Takata began life in 1933 as a family-owned textile factory. Its founder Takezo Takada is the grandfather of chief executive Shigehisa Takada, who said yesterday that he would resign over the airbag debacle that has bankrupted the firm.
The company's original products included woven fabrics and nautical ropes. Over the decades, Takata branched out, selling seat belts in the 1960s and, later, other car safety equipment such as airbags.
By the 1980s, the firm had ballooned into a top global auto parts player on the back of Japan's surging economic clout.
Takata employs about 46,000 people globally and has 56 factories in 20 countries, including the United States, Mexico and China, with about 663 billion yen (S$8.3 billion) in annual revenue.
In 2000, the company started using a chemical - ammonium nitrate - as a propellant in its airbag inflators.
The problem is that the unstable chemical can degrade, especially in humid conditions.
That creates the risk that Takata's airbags will improperly inflate and rupture, firing metal and plastic shrapnel at the occupants of the car.
This has happened in numerous cases, resulting in scores of injuries and at least 17 deaths.
Takata has been accused of hiding the problem for years. Honda, a major Takata customer, first sounded the alarm in 2008 that there might be a problem.
But the crisis reached a peak only in 2014, when earlier deaths started getting more media attention and the US National Highway Traffic Safety Administration became involved in the ballooning recalls.
Around 100 million airbags, including about 70 million in the US, are subject to a massive recall. It has affected almost every major automaker, including Toyota and General Motors.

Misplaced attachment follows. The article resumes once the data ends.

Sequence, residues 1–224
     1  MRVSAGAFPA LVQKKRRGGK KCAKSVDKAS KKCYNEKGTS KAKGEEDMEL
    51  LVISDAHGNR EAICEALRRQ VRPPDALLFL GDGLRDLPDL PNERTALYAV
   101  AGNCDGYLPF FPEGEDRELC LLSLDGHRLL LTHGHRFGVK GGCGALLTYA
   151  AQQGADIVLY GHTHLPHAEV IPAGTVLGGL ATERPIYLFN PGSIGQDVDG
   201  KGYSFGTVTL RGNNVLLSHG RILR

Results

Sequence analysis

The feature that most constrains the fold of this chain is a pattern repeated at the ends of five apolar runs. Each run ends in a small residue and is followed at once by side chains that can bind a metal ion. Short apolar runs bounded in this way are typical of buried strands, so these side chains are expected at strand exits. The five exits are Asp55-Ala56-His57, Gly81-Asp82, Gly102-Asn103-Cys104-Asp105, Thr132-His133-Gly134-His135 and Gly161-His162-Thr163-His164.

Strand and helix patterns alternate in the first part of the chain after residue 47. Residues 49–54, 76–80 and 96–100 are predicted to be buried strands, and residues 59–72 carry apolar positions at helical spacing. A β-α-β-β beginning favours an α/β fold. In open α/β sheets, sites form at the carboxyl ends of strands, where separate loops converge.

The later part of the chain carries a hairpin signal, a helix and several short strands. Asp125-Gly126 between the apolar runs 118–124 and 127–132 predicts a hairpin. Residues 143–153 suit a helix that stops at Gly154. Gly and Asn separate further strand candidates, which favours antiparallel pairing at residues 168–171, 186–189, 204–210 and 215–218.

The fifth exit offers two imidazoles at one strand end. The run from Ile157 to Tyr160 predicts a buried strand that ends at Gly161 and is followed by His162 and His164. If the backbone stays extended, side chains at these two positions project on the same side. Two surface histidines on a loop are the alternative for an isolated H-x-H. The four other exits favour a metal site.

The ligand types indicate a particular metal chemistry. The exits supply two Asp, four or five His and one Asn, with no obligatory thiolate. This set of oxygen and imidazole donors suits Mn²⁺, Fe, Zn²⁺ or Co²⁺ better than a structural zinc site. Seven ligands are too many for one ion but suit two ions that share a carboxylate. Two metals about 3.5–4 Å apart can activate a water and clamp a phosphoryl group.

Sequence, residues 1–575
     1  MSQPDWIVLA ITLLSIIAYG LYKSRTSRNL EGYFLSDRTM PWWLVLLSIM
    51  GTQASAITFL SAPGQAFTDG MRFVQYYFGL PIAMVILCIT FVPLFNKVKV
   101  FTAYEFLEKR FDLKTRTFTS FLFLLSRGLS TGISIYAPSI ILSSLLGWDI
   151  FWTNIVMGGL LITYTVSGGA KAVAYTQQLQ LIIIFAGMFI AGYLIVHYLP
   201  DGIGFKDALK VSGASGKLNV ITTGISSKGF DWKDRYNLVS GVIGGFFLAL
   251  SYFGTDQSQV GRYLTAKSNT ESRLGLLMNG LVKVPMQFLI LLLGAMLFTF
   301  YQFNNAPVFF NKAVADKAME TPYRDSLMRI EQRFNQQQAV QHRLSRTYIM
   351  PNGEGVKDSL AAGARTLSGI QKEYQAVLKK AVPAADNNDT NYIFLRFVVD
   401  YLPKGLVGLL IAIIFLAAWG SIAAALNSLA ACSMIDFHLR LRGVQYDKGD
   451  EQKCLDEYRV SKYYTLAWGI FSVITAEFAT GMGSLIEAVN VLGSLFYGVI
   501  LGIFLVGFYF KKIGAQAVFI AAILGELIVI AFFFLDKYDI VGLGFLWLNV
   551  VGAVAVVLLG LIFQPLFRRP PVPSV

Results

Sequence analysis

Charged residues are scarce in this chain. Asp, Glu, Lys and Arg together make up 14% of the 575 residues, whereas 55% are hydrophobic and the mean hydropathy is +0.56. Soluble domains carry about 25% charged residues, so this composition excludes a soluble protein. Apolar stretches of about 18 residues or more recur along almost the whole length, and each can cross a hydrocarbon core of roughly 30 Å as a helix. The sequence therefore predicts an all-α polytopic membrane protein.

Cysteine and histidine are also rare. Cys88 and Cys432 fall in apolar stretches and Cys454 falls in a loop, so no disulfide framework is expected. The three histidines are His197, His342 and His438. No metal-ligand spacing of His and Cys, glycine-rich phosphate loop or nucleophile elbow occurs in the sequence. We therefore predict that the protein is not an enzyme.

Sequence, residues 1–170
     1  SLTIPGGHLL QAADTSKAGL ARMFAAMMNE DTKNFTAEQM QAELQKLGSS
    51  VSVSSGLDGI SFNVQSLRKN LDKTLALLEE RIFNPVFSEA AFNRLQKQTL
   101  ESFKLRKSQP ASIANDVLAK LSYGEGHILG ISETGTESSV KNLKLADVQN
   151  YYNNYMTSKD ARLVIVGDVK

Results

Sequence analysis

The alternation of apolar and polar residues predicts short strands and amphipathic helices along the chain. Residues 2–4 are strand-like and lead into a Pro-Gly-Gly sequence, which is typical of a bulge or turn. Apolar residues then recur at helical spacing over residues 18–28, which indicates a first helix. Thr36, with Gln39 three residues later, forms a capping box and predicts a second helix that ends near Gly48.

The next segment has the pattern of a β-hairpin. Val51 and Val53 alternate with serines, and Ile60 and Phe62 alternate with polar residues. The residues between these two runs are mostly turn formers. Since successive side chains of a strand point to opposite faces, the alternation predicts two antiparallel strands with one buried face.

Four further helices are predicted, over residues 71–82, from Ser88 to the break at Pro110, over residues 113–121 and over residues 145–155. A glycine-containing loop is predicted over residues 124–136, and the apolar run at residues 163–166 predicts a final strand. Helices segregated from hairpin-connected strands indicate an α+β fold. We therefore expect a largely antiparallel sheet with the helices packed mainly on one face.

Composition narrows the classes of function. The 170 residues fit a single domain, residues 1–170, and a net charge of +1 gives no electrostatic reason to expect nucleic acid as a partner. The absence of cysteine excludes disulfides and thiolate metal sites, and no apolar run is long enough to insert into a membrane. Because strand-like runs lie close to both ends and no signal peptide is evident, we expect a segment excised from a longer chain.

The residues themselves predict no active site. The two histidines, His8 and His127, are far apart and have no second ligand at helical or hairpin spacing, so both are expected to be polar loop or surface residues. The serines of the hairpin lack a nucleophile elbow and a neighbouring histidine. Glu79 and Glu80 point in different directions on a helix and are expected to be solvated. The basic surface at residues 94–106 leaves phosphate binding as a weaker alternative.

The scandal has hammered Takata's once-thriving brand and put it in a tight spot as it faces probes, lawsuits and massive liabilities, estimated to exceed one trillion yen.
Takata has already agreed to pay a billion-dollar fine to settle with US safety regulators over its airbags. But that is not the end of the legal or financial problems the firm faces.
Takata yesterday said it has agreed to be bought by American auto parts maker Key Safety Systems, owned by China's Ningbo Joyson Electronic, for about US$1.58 billion (S$2.2 billion). Its new owner said there were no immediate plans to reduce Takata's employee headcount or close factories, as it tries to keep the business stable for customers.
But Takata's name is not likely to survive in the long term. Operations linked to the airbags will not become part of the combined company. They will be run by the reorganised Takata and eventually wound down.
Takata's embattled shares, meanwhile, will be yanked off the Tokyo Stock Exchange next month.